As it is now that road purely adds to the impression of a town divided.

    • fromthemurkydepths

      Precisely. Millions spent trying to connect the two, hundreds of man hours developing Spray Street plans and push that forward and Highways turn up and something so simple increases the divide.

  2. MiceElf

    So agree. But who is responsible? Is it incompetent heads of departments or is it that the Councillors fail to hod em to account? How much power do individual Councillors have over the permanent officials? It’s hard to know quite how the system works.

  3. I think it is intentional to separate ‘poor’ Woolwich from the ‘affluent’ Royal Arsenal, is it any wonder M&S and even Barclays have relocated. Once Crossrail comes with its own entrance on the Royal Arsenal side the dichotomy will be complete

  4. Ade

    This Labour group must be one of the most Tory in London. Rich one side and let the rest rot in Woolwich. We know they allow people to do what they want one side of the divide to keep the town down so people avoid Woolwich like the plague.

    If they weren’t Torys in hiding they’d be removing these barriers asap and asking what the hell council Dept’s are doing putting them up.

    They won’t though. Time and again we see it.

    • Tony

      I resent the tories in hiding comment. Regardless of political colour these are just bad local govt officials doing a poor job. Let’s take the “class war” out of the conversation comrade!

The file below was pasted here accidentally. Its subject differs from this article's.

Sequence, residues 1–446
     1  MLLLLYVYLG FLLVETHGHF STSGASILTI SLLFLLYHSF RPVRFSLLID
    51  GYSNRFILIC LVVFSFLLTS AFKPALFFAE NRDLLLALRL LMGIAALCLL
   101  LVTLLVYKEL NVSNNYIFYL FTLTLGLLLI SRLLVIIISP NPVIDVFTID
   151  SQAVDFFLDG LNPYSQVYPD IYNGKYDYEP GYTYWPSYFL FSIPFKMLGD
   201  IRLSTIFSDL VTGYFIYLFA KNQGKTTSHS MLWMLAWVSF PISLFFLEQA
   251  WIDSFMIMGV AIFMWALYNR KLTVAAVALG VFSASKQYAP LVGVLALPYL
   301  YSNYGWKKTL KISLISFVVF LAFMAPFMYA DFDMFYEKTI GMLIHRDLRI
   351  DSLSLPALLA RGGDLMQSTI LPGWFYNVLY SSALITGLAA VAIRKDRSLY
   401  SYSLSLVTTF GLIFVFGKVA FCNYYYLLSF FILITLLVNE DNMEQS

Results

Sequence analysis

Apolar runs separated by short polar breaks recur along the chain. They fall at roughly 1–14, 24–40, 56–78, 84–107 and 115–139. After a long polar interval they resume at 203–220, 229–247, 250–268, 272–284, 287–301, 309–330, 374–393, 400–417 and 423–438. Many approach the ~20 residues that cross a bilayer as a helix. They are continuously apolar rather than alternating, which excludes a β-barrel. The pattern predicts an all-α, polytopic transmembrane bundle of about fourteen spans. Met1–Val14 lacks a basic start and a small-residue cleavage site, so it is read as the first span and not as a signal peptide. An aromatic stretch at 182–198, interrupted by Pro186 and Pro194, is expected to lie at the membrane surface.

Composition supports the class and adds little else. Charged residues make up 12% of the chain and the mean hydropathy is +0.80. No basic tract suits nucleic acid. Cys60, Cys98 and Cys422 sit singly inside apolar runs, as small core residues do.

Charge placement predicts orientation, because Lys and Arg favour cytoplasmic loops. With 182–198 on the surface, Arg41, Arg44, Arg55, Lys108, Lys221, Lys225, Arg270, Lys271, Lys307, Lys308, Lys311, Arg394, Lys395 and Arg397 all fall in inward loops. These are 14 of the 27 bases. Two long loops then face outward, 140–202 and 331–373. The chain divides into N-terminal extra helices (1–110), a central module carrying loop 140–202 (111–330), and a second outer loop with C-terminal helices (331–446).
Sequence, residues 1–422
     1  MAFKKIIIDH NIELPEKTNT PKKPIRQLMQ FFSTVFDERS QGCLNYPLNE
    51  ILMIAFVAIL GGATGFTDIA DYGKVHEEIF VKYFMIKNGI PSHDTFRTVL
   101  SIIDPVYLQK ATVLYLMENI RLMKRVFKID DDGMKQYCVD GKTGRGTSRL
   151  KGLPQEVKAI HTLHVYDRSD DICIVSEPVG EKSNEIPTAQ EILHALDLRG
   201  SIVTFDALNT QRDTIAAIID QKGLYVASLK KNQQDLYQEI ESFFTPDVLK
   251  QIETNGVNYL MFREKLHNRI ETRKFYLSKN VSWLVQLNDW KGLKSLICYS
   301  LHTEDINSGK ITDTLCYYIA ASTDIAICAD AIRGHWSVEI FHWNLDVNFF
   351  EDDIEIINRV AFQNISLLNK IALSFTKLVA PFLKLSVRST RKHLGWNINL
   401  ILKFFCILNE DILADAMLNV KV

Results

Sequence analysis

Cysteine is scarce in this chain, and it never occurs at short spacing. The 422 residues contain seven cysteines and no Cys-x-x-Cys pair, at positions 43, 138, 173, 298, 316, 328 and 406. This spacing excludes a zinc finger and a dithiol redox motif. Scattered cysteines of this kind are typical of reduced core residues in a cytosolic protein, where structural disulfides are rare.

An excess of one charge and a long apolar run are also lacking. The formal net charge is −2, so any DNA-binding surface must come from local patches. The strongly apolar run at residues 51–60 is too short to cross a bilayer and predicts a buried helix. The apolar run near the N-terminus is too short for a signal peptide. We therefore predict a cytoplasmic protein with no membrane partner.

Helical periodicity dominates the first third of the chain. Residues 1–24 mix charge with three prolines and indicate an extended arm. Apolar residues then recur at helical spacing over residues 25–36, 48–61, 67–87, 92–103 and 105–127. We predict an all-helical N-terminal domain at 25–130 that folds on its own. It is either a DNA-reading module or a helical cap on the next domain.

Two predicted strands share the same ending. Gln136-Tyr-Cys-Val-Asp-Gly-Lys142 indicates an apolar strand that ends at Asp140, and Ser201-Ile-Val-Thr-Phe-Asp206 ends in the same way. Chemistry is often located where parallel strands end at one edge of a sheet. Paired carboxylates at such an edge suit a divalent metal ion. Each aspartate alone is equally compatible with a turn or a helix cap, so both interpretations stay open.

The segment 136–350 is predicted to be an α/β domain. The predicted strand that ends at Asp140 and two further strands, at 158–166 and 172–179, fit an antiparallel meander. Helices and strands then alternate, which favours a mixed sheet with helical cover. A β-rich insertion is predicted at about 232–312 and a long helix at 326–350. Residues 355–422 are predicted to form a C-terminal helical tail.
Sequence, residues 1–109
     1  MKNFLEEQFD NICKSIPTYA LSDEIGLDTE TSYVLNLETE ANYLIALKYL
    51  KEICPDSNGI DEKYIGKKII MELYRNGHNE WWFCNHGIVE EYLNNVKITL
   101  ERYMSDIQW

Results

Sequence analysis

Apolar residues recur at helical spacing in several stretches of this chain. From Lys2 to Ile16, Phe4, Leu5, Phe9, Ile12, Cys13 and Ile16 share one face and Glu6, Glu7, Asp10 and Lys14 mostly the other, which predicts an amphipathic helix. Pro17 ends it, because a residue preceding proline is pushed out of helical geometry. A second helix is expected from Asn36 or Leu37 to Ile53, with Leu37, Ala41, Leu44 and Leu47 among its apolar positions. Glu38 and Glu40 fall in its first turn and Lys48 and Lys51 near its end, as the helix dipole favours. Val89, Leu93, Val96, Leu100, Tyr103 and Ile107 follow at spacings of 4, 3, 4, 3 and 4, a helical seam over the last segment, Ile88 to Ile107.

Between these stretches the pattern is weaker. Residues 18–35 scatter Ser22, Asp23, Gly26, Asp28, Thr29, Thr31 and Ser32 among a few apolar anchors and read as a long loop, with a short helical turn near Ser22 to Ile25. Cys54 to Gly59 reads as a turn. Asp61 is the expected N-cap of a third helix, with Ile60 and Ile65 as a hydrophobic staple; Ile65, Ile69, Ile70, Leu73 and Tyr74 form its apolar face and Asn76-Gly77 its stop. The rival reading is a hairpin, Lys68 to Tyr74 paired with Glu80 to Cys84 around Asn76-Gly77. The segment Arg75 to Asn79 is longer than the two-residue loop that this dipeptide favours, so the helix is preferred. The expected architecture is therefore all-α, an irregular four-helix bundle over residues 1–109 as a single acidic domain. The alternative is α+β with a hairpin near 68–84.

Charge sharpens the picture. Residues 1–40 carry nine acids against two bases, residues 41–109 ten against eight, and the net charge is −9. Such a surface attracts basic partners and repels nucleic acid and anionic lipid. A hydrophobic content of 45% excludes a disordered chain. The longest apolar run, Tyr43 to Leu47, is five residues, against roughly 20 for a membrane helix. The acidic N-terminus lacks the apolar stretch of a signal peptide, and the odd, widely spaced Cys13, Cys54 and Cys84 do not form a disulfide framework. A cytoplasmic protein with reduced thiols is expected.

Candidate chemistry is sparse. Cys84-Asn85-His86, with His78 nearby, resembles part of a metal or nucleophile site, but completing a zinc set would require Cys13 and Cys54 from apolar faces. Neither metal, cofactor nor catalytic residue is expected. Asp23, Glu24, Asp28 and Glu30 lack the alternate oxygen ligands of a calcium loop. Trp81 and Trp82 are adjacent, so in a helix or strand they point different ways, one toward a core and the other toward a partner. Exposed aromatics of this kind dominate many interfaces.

5. Plumstead Resident

    The new railings are an improvement on the old central reservation that was there before. Sure, there is the odd pedestrian who walks along the new railing and even jumps over but I don’t see what the big deal is. You’ll never stop people doing this and if you really want to stop this then we need some kind of J-walking law. The railings are consistent with what is further east towards Plumstead high street.

    • fromthemurkydepths

      I don’t mind if people cross where they want. The issue is why spend tens of thousands putting up railings that do nothing. Shouldn’t have wasted this money – same with the miles just east. Waste of money and effort – not to mention not very attractive and railings are shown in tests to speed up cars due to psychological effects where drivers feel a greater separation from pedestrians. TfL then ripped out many whilst Greenwich Highways live in the past and stick them in anywhere they can. Most developed nations use them sparingly.

      • Plumstead Resident

        Couldn’t disagree more. Unlike what was there before it far less unsightly, doesn’t accumulate rubbish, would be cheaper to maintain and is consistent with the rest of the dual carriageway. How much more costly would it be to implement what TFL dictates with the added disruption of road works?

        Speeding up cars doesn’t make sense as the railings are in the central reservation so drivers won’t feel any more separate from the pavement than they always have. Plus the road has speed cameras.

        I don’t see the council sticking railings anywhere they can versus the other areas of London I visit. There are far worse things to complain about in the borough.

  6. Joan

    My biggest concern pre railings was the numbers of people dragging toddlers, whole families and children in buggies across the dual carriageway. That was , frankly an accident waiting to happen. Driving daily along this section became hazardous .
    Yes of course people find the nearest place to cross but it was the right thing to create a hard barrier in the interests of safety. Now I do still see the occasional adult jump the rails to cross but no more young children being endangered , which can only be a good thing.